How to Outgrow an Export-Led Economy | Asian Development Bank

How to Outgrow an Export-Led Economy

Op-Ed / Opinion | 6 October 2010

The global economic crisis was a defining moment for developing Asia. Its resilience and rapid rebound from the recession has changed how others view the region and how the region views itself. Now the region needs to refocus. We must turn our advantage into sustained economic growth. Keep unwinding stimulus, and, above all, get more efficient to sustain the region's growth over the medium- and longer-term.

Developing Asia's recovery has led the world. This year, GDP growth will likely come in at 8.2%, up from just over 5% in 2009. A rapid turnaround in exports (a significant portion intraregional), healthy private demand, and lingering government stimulus, back the expansion.

This dynamism contrasts starkly with the fragile recovery in advanced economies. In the United States, eurozone, and Japan, GDP will likely crawl by about 2% this year and next. And any one of a number of factors could derail even this.

While developing Asia is justly proud of its economic resilience, there is no room for complacency. It must look beyond recovery and grab the opportunity to restructure for steady growth over the longer term. When the crisis hit, there was ample fiscal and monetary space for aggressive, if temporary, stimulus. But stimulus - now being withdrawn gradually, with an eye on timing, policy mix, and pace - cannot produce new permanent jobs or strengthen the productive backbone of an economy, whether in agriculture, industry, or services.

Let's not forget, for all its achievements, developing Asia remains home to two-thirds of the world's poor - more than 1.8 billion Asians subsist on less than $2 day; nearly half a billion are without access to safe drinking water; and about 100 million children under 5 are malnourished. Keeping rapid economic growth on track is key to raising living standards and reducing poverty.

So how do we do this?

First, a reality check. Post-crisis, advanced economies must get a grip on debt; developing Asia must make its savings more productive. In this environment, the region's traditional export-led growth paradigm has to evolve. Just as exports helped much of developing Asia transform from a poor, capital scarce region to a middle-income, capital abundant region, these resources should now be more efficiently allocated for greater productivity, faster technological transfer, and innovation.

Bringing trade, human capital, infrastructure, and financial development to the next level are the pillars for developing Asia's next transformation.

Trade has been a critical component of the region's success. And it will remain core to heighten productivity. We must galvanize the region's huge domestic consumption potential to bolster intra-regional trade without compromising the gains from trade openness and globalization. The corollary is that for developing Asia's weaker, smaller, or landlocked economies unable to tap global trade, we must provide sufficient "aid for trade" - as promoted by the World Trade Organization and the Asian Development Bank - to channel donor support toward infrastructure development, removing "behind-the-border" impediments to trade, and building the expertise required to expand manufacturing and diversify exports.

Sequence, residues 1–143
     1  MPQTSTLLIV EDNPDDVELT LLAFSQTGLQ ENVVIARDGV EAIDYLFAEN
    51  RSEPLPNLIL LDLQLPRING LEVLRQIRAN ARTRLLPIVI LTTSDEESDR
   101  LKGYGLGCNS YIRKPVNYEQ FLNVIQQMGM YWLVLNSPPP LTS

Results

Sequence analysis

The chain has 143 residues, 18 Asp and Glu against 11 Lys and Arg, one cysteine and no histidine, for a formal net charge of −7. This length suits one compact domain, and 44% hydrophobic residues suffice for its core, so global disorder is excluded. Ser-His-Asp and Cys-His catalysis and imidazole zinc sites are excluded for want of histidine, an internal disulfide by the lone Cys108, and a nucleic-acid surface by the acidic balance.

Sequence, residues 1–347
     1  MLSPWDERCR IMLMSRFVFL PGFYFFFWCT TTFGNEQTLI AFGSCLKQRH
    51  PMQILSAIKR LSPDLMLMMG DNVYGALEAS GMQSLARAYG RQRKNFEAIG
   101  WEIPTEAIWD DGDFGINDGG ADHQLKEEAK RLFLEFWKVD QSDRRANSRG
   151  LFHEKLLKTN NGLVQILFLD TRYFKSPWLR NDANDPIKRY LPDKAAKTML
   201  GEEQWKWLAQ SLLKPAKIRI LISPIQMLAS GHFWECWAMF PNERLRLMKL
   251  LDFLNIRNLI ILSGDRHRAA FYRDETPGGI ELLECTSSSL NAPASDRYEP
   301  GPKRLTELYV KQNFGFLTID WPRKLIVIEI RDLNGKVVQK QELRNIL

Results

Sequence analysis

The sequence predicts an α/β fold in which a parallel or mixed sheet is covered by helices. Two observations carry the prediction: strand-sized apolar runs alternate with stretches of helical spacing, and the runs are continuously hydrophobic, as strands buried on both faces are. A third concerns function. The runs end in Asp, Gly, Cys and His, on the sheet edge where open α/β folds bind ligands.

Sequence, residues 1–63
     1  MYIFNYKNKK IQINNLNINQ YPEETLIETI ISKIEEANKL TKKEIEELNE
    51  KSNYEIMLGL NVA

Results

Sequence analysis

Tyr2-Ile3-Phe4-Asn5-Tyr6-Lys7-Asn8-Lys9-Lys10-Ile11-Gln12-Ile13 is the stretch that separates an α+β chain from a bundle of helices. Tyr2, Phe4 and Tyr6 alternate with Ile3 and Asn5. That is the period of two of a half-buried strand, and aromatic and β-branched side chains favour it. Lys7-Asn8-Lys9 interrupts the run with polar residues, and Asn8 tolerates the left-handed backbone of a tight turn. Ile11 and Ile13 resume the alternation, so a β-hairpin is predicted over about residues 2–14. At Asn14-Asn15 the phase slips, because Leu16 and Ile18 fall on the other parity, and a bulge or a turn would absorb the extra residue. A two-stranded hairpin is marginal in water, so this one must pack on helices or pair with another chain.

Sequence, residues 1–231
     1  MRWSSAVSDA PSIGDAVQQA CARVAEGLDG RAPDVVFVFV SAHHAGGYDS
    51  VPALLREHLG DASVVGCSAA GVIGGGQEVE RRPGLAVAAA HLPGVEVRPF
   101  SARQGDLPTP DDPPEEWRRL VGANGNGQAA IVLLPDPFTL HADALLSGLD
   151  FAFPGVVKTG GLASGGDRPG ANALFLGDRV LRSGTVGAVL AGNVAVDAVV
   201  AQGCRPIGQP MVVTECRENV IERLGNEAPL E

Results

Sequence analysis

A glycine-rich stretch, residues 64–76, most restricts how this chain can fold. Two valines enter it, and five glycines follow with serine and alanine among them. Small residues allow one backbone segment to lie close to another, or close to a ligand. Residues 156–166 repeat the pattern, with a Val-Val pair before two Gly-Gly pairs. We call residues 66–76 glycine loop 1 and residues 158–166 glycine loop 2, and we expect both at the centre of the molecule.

People are key. We must improve labor productivity while assimilating existing technology and promoting innovation. Education, education, education. It has been the cultural mantra underpinning developing Asia's economic surge. Asians want their kids to learn. And governments must support this by investing in raising enrollment rates - especially at the secondary and tertiary levels - and ensuring quality education. There is huge diversity now among countries. But any educational reform must be ahead of the curve if it is to meet the standards and skill sets required by today's and - crucially - future Asian labor markets.

Then there is infrastructure - a massive investment gap estimated at $8 trillion by 2020. No doubt infrastructure in developing Asia has expanded quickly. But it remains well below world averages in both quantity and quality. Rapid urbanization means that, to keep economies competitive and build a life of quality, new infrastructure is needed to improve traffic congestion, minimize environmental degradation, and ensure adequate services like power and water.

Finally, developing Asia must deepen its financial systems. It must move from mobilizing savings for investment quantity to making quality investments more efficient. To do this, deeper, broader, and more liquid financial systems are needed. The global crisis proved financial stability is a global public good. Instability can batter economic growth. Strong prudential regulation and deepening local currency bond markets are crucial. Promoting finance for small- and medium-sized enterprises - and low-income households - also builds entrepreneurship and opportunity.

The region needs, in sum, to reset its economic priorities. Government policies must be tailored to focus on trade, human capital, infrastructure, and financial development to build the foundation for developing Asia's next transformation - one toward sustained economic growth. With economic rebound in advanced economies likely to be gradual, developing Asia must transform itself once more to become the mantle of global growth.